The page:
Thank you, Mr. Chair.
First of all, I applaud everything you do. You're very compassionate people. You're clearly intelligent. You've thought this out. You're looking towards the safety of children, as we all are, and I think it's very important that we do that. This country is compassionate. It's built upon immigration, on many generation of immigrants coming from all over the place.
To give you some context, since you brought up World War II, my father was in a gulag, and my mother was taken to Nazi Germany as forced labour. They came back certainly with their scars from those endeavours. Of course they came to this country and relocated essentially as refugees, because they couldn't go back to their home country. They had to build a new life, so I understand that. As a soldier I've served in a war zone and I've seen the psychological impacts on people, not only on the people we were trying to protect, but on my own soldiers who right now are dealing with a myriad of difficulties and psychological traumas from all sorts of incidents, not just Afghanistan or Bosnia or other places. So I understand all that.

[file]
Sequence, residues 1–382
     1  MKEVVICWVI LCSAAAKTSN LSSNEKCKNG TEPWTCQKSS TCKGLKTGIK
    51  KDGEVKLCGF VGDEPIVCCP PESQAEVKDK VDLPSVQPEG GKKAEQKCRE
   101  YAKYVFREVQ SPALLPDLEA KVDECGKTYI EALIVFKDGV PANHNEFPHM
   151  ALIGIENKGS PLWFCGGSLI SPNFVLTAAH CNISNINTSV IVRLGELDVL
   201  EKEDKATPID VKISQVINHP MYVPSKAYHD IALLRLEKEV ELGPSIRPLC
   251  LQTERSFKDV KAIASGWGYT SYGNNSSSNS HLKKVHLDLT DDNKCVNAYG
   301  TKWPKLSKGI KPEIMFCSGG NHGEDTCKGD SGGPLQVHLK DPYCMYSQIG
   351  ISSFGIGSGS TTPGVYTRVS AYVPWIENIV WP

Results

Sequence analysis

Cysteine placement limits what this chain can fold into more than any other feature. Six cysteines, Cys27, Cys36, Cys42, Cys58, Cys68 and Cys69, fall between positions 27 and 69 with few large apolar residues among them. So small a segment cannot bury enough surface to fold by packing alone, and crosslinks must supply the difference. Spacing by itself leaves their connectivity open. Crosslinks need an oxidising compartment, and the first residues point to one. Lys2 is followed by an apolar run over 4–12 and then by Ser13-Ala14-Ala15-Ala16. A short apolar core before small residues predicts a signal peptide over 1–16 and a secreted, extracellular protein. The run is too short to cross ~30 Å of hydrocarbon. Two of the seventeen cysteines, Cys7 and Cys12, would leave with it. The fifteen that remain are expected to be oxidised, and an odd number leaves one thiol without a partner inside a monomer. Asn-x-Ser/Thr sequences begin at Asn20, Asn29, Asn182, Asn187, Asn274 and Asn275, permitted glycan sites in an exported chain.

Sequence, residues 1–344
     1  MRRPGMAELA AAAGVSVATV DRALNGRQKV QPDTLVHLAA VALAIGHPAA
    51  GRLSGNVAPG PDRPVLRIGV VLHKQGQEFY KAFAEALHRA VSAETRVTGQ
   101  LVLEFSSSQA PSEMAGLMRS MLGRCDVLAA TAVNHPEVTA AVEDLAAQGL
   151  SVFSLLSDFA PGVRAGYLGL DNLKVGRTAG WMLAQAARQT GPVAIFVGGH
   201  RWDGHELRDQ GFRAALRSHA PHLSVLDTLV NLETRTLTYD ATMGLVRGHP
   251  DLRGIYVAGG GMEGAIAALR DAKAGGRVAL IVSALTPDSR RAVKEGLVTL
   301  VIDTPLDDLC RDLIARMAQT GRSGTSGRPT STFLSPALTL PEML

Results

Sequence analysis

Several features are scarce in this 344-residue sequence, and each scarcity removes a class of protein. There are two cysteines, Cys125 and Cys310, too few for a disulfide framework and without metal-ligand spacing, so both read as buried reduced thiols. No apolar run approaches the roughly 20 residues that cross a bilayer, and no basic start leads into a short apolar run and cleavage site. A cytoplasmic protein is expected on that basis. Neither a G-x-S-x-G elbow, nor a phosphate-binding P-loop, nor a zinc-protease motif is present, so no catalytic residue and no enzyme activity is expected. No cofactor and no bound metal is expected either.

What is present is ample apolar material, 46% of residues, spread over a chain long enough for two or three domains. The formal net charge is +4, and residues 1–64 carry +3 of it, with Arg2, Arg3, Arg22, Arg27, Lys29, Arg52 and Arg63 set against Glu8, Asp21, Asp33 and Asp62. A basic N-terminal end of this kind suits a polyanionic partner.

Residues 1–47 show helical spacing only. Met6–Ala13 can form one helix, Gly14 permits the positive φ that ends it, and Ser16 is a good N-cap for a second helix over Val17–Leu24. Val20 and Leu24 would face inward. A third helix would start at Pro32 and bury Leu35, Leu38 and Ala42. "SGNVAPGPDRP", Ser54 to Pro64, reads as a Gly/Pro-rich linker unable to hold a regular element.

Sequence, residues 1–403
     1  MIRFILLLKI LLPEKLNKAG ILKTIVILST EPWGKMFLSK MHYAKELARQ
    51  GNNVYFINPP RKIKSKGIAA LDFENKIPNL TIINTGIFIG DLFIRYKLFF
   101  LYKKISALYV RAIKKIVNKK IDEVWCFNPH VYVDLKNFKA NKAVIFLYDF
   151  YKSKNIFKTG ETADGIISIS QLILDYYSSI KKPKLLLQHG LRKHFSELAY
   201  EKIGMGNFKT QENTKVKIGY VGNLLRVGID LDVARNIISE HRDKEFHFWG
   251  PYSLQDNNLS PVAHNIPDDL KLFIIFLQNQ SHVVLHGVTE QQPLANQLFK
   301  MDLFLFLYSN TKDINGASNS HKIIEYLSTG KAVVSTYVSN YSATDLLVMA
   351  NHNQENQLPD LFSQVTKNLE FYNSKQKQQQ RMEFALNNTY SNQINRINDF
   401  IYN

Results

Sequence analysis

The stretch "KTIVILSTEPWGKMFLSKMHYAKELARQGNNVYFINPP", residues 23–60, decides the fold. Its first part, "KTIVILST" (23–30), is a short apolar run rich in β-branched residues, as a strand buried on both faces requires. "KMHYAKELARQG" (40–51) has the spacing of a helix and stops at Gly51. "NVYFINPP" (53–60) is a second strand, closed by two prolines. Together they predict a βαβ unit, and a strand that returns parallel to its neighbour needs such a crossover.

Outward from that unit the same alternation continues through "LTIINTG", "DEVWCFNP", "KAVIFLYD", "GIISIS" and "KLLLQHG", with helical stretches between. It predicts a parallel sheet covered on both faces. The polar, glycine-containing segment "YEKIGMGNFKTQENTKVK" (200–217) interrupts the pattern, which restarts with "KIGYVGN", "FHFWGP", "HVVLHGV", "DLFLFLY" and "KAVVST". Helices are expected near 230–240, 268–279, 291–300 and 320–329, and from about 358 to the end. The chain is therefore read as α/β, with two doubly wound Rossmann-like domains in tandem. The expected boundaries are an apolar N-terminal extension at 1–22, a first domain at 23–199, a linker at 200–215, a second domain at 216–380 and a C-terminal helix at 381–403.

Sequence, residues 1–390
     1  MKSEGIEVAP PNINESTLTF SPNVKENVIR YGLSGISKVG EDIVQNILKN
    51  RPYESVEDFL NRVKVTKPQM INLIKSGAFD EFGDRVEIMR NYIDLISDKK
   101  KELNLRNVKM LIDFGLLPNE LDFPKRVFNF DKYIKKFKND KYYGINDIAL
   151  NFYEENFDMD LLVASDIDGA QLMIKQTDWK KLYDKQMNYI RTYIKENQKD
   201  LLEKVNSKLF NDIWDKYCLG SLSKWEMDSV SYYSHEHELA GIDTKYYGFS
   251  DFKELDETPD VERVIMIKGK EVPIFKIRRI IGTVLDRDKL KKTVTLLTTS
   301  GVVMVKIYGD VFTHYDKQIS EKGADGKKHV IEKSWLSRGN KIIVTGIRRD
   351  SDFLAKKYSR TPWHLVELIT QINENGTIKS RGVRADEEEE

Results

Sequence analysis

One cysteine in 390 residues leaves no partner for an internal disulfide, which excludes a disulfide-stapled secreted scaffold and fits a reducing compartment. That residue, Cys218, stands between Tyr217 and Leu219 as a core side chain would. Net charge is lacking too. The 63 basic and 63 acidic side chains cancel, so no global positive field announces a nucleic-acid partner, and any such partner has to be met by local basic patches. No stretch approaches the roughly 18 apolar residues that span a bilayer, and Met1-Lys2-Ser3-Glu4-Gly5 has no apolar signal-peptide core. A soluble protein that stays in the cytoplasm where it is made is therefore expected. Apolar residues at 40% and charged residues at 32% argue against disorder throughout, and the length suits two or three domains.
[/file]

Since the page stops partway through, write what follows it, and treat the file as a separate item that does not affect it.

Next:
I will tell you I think that when you're talking about psychological trauma of children in detention, the root cause is not necessarily that detention. I acknowledge the factors you've discussed, but a lot of these things are from the places they come from, and from the trauma, the tyranny, the oppression, and possibly the mass killings and other horrific things they've witnessed.
I would suggest to you that's probably a greater source of that trauma than being here in detention. A comment was made that we would try to appease “these conditions”. Well, these conditions are some of the best in the world. We have a right as this country to defend the security of our country. I understand sometimes it's only—